Marianne is pictured on the most common French stamp (since at least 1849) and figures in the official government logo.  Many town halls feature her portrait and the Lodges of the Grand Orient display a bust of her.

She is usually pictured as a young woman wearing a Phrygian cap and a loose-fitting dress, sometimes with her breasts exposed, as in Delacroix's Liberty Leading the People (1830).  Said to be an allegory of Reason and Liberty, Marianne also fits nicely within the French tradition of women saviors.  Joan of Arc is widely used, especially by French nationalists, as their symbol.  Not to mention the über-maiden:  Mary.  It occurs to me that Marianne = Mary-Anne.  Anne of course, being Mary's mother and, according to Catholic tradition, a virgin mother....

Attitudes towards prominent breasts like Delacroix portrayed may be changing in France, at least for Neuville-en-Ferrain, a small commune located near Lille.  The mayor had the local, um, bust of Marianne removed because her breasts were too large. (LA Times).The artist who made the sculpture says "I made the breasts prominent to symbolize the generosity of the Republic.  This symbolism was lost on the locals:  'Remarks were made, during weddings for example.  'It was making people gossip.' (Daily Mail).  It has been replaced by a bust inspired by French actress Laetitia Casta.  Odd choice; Casta is something of a J. Lo/Dolly Parton figure; that is to say, known for her curves, especially her bust.  Indeed, the replacement seems even bustier, more natural and perhaps for this reason even sexier.  Maybe the prominence of the first Marianne's breasts was less offensive than their gravity-defying pertness.  Was anger over an impossible ideal at fault?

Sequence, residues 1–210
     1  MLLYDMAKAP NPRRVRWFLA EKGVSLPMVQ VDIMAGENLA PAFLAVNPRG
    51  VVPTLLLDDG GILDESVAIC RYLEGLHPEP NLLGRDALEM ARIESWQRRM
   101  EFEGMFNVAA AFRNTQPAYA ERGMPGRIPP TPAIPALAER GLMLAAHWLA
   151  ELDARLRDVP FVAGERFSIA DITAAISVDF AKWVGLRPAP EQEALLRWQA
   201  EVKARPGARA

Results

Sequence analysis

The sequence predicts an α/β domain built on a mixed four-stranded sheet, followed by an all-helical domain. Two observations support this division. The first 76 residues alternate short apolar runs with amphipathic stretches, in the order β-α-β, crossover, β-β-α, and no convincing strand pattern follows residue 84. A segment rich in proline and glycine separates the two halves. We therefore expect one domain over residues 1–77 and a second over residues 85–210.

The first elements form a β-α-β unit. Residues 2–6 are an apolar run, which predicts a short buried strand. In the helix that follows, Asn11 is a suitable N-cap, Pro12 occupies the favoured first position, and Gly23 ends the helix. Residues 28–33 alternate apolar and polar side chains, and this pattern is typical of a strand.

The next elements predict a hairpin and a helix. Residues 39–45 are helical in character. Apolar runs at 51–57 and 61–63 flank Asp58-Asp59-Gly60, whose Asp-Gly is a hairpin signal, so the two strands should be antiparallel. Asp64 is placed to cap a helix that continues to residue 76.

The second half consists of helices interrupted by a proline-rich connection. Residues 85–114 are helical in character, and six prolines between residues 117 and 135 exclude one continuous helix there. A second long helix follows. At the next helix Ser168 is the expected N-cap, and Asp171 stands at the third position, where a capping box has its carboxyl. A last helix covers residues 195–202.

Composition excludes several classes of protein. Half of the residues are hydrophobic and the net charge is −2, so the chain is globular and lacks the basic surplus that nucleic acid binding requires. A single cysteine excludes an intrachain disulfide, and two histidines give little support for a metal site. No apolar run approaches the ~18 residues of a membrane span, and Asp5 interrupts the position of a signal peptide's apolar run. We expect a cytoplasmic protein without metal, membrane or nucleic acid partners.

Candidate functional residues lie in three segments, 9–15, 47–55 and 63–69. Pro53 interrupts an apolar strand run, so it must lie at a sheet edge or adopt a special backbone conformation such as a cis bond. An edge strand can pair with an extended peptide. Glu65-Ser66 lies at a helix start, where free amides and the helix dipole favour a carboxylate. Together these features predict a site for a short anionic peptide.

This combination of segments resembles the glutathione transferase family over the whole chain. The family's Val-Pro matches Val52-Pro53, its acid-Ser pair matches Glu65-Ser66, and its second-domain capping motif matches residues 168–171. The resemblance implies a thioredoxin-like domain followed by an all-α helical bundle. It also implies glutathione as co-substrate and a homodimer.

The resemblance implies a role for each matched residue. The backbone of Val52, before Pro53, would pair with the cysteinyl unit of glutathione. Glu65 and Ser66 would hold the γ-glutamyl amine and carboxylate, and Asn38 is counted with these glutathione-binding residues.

The offending Marianne, France 3 via LA Times.
Replacement Marianne, via Daily Mail

As the author of an article on this story has written, the kerfuffle back in 2002 with John Ashcroft comes to mind.  You may recall that like in this case, breasts were involved.  Apparently, someone was unhappy with the fact that press conferences at the Dept. of Justice took place before a topless woman, hands raised to the sky.

The original Marianne cost the commune of Neuville-en-Ferrain 1400 euros and its replacement 900, a total of about 3300 USD.  This is still less than the 8000 USD spent by Ashcroft's office on curtains to cover up the bare-breasted statue called the Spirit of Justice, a depiction of the Lady Justice based on the Roman goddess.  Ashcroft's people said this was merely to make a better background for press conferences and had nothing to do with being prudish.  In any event, the curtains have since been removed.

Depictions of Marianne can be highly charged.  Feminists were outraged back in February 2010 because of an image publicizing one Sarkozy's plans; in this image Marianne is pregnant.  It was an ad for a development program to invest in a wide variety of initiatives but which had nothing to do with literal motherhood.  (The Times)


“The hand of the state should not be in my uterus, and certainly not to look for money,” said Le Féminin l’Emporte, one of France’s most influential feminist blogs. Detractors also said that the image evoked the slogan “Work, Family, Fatherland” used by the Vichy administration, which collaborated with Hitler during the Second World War.  

Olympe, another feminist blog, said that the Government appeared to be “suggesting that a woman’s work is to have babies whilst the men handle the billions from the loan”. 

Far be it for me to say how women should feel about this, but I get what they're saying.  Making Marianne pregnant to symbolize re-investment in "higher education, research, technology, fast internet access and small business" seems dubious to me.  This image isn't exactly the dynamic ass-kicking Marianne of Delacroix.  More like a knocked-up and spaced out Smurfette.  Not there's anything wrong with being pregnant and it's a logical choice to represent rebirth.  But maybe something more along the lines of J. Howard Miller's "We can do it" poster would have been in order.